By Sally Robertson, medwireNews Reporter
Researchers have developed a novel device that improves stress urinary incontinence (SUI) in men who have undergone prostatectomy, report researchers.
In a cohort of 99 men, the adjustable transobturator male system (ATOMS) device had an overall success rate of 92% over a mean follow-up time of 17.8 months.
In recent years, various minimally invasive sling systems have been investigated as treatment options for post-prostatectomy incontinence, with success rates similar to those found with the artificial urinary sphincter (AUS), which is currently considered the "gold standard" solution to SUI but can be associated with complications.
However, one of the drawbacks of using slings is the lack of ability to make postoperative adjustment, which can turn the procedure into one of trial and error, explain Gunter Primus (Medical University, Graz, Austria) and colleagues.
"The basic idea behind this device is a self-anchoring adjustable system to support the bulbar urethra using the transobturator approach," says the team. "Unlike the AUS, which compresses the urethra circumferentially thereby interfering with venous blood flow predisposing to urethral atrophy and erosion, the ATOMS device compresses only the dorsal aspects of the bulbar urethra, leaving the ventral and lateral blood flow intact."
As reported in BJU International, the mean age of the patients was 70.4 years and the most common reason for needing treatment was incontinence after radical laparoscopic, perineal, or retropubic prostatectomy (92.9%).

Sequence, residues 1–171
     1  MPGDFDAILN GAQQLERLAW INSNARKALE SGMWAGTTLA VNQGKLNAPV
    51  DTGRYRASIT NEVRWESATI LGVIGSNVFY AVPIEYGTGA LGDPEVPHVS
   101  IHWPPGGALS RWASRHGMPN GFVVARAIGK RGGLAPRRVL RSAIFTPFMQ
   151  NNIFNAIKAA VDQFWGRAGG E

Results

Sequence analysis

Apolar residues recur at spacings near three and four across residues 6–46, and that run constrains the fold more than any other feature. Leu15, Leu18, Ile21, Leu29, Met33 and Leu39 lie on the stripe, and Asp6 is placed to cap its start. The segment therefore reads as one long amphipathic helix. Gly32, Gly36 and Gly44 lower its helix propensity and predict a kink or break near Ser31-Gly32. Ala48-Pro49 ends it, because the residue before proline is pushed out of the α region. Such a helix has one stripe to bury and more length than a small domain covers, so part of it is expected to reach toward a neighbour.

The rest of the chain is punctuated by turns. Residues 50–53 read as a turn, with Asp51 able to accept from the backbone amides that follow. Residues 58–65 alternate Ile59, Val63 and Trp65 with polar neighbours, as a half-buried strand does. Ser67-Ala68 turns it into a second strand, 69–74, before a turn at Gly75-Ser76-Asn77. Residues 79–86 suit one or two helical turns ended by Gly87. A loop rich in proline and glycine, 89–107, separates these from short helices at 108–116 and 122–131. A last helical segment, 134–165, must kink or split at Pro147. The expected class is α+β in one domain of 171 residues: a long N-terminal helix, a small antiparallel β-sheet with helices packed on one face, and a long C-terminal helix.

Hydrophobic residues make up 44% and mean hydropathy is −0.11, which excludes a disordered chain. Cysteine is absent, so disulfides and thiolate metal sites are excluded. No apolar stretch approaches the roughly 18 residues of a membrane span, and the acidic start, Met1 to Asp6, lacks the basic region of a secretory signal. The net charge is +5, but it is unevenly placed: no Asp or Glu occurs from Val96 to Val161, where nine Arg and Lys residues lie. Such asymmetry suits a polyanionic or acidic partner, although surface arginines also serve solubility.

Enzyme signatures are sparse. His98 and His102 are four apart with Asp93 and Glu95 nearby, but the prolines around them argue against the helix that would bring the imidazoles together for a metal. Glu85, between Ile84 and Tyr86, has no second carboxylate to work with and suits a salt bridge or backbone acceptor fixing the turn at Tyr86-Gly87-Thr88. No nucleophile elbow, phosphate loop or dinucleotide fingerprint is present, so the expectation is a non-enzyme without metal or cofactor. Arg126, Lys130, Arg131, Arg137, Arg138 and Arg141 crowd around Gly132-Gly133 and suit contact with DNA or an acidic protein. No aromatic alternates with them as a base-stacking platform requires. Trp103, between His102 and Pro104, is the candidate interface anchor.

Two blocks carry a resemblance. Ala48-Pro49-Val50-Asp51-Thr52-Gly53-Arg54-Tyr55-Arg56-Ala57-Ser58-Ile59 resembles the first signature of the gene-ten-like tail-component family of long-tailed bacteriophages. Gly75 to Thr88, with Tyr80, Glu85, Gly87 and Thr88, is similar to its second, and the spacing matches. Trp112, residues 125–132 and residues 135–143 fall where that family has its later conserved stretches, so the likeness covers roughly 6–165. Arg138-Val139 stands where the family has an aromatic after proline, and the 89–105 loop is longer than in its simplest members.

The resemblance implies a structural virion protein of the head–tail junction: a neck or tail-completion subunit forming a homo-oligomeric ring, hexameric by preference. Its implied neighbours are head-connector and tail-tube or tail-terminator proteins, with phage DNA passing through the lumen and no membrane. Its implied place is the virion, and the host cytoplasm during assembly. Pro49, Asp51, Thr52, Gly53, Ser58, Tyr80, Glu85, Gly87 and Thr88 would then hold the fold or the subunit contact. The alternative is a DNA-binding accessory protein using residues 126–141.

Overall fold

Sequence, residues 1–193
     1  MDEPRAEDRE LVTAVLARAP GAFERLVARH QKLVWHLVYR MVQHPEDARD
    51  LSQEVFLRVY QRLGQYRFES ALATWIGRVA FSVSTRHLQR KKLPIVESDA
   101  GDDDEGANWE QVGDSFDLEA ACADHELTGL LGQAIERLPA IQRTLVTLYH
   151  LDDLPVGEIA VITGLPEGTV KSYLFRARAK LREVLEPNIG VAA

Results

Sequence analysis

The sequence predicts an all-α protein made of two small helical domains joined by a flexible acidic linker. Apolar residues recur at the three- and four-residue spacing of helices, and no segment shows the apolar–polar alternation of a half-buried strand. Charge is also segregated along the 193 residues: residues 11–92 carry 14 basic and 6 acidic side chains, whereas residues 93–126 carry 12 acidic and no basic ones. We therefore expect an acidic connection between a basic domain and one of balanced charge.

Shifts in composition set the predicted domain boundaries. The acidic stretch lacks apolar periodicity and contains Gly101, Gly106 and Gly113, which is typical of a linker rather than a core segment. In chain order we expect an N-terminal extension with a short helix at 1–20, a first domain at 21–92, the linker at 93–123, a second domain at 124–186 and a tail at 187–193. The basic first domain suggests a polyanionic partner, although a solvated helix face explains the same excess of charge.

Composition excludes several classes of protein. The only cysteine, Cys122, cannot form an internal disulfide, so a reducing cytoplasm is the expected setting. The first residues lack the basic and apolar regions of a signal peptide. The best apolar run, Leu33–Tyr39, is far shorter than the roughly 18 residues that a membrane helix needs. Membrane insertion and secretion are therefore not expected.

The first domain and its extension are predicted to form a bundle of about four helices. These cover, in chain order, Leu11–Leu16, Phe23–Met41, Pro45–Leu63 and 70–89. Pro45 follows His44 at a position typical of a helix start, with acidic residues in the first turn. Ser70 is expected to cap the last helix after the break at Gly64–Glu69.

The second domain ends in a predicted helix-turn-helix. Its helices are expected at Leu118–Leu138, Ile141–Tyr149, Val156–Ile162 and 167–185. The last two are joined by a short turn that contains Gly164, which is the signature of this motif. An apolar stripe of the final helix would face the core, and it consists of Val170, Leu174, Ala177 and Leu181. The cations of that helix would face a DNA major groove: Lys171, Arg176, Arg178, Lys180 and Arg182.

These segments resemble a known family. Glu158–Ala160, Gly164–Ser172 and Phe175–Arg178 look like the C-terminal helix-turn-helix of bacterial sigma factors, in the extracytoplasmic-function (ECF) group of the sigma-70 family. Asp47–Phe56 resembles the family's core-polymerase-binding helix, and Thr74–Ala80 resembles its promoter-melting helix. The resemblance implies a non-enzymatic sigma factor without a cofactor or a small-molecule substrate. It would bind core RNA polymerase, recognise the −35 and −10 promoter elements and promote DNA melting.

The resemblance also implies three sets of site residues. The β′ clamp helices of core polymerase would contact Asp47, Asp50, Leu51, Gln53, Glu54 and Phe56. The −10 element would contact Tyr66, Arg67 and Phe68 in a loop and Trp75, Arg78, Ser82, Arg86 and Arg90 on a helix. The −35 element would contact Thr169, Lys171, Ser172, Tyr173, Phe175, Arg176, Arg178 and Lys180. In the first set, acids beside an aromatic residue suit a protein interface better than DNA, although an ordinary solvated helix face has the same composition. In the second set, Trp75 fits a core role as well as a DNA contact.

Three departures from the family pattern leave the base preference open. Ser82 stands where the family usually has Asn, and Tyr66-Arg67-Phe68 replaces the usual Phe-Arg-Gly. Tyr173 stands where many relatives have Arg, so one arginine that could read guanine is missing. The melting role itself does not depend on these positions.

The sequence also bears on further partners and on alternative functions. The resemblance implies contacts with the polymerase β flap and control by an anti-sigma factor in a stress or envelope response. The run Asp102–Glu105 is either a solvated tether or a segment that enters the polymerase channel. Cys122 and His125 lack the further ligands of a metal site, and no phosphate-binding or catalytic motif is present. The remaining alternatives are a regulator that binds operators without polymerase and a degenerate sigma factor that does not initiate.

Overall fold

After removal of the transurethral catheter 24 hours after surgery, temporary urinary retention occurred in two patients (2%), which resolved after 4 mL filling solution was removed and the patients were catheterized for a further 48 hours.
Transient perineal/scrotal dysesthesia or pain was reported by 68 (68.7%) of 99 patients and resolved spontaneously with the use of nonopioid analgesics for 3-4 hours. Four (4%) cases of wound infection occurred at the site of the titanium port, leading to complete explantation of the device and subsequent reimplantation after 3 months.
No urethral or bladder injuries related to the device or erosions occurred.
The mean number of adjustments of the device that were needed to reach the desired effects (dryness, improvement and/or patient satisfaction) was 3.8.
At the end of follow-up, the overall mean success rate was 92%. The mean number of pads used decreased from 7.1 to 1.3, and 63% of patients were considered dry, while 29% were considered improved.
"These data suggest that the ability to make adjustment at any time in male sling systems should be considered a prerequisite when managing men with SUI," conclude Primus et al.
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